“Your pandemic preparation during six years as Health Secretary was found wanting and inadequate.” Not a Labour criticism of the government, but a tweet from Culture Secretary Nadine Dorries directed at Jeremy Hunt after the latter announced he would be voting against Boris Johnson in Monday’s confidence vote. The quote formed the basis of Keir Starmer’s interrogation of Boris Johnson during today’s Prime Minister’s Questions as the Labour leader probed the Tory record on the NHS during the government’s ‘health week’.
Starmer stressed that blaming the issues with the health service on the pandemic “just won’t wash”, highlighting that cancer wait times have been rising for ten years and that NHS buildings have long be seen as a risk to patients. “The government’s response? Paint jobs and fix-ups. Pretending that’s the same as building new hospitals.” The Prime Minister dismissed the criticism as “satirical”, claiming that the opposition “don’t have a leg to stand on” because they opposed the increase to National Insurance contributions ostensibly intended to address the NHS backlog. “Raising taxes because you’ve failed to grow the economy isn’t a plan for the NHS,” the Labour leader told the Prime Minister.
“Pretending no rules were broken didn’t work, pretending the economy is booming didn’t work and pretending to build 40 new hospitals won’t work either,” he added. In a reference to the controversial changes Johnson recently made to the ministerial code, Starmer said: “As always with this Prime Minister, when he’s falling short, he just changes the rules and lowers the bar.” With the NHS, this has meant instead of addressing the surgery backlog the government has increased how long patients are allowed to be left waiting for surgery.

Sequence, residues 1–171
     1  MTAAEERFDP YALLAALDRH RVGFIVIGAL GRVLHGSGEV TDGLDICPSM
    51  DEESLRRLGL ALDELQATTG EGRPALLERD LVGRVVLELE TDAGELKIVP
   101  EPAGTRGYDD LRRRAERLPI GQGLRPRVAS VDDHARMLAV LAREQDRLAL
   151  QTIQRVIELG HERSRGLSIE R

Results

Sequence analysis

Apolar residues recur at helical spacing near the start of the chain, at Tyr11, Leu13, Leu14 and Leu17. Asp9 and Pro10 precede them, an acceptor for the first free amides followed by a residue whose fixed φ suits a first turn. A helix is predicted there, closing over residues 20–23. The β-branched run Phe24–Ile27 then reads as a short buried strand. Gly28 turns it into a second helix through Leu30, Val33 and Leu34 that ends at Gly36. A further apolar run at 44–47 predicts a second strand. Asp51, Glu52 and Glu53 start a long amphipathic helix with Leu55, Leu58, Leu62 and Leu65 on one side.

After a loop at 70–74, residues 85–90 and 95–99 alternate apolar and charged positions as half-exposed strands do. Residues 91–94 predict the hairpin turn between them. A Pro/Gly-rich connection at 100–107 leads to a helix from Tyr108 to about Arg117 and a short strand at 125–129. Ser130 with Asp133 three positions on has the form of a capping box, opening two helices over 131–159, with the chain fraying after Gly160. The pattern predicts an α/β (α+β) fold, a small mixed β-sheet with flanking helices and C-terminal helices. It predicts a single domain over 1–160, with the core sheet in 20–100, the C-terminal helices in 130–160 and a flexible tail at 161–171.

As has become customary for the Labour leader, Starmer again closed with examples of the human impact of the government’s failures. Today, he told the story of Akshay Patel whose mother died last year. Patel called 999 six times because his mother was struggling to breathe. During the final call – an hour after his first – he told the operator his mother had died. Starmer said even Johnson must admit Patel and others like him “deserve better” than a “wanting and inadequate government utterly unable to improve our NHS”.
Patel’s story brought Starmer’s argument home strongly. Johnson, despite the turbulent start to his week and ongoing uncertainty about his leadership, put on a confident front and was egged on by his frontbench. Beneath the bluster, however, his responses were repetitive and predictable. At one point, he told Starmer his line of attack was not “working”. Perhaps it was what he actually thought but, as an observer, it felt like he was scrambling around for what to say and came up short.